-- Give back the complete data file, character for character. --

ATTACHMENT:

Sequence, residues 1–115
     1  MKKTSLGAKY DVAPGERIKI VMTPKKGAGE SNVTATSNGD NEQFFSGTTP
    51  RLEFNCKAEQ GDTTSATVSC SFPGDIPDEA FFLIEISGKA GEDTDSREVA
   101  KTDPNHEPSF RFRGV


Sequence, residues 1–115
     1  MKKTSLGAKY DVAPGERIKI VMTPKKGAGE SNVTATSNGD NEQFFSGTTP
    51  RLEFNCKAEQ GDTTSATVSC SFPGDIPDEA FFLIEISGKA GEDTDSREVA
   101  KTDPNHEPSF RFRGV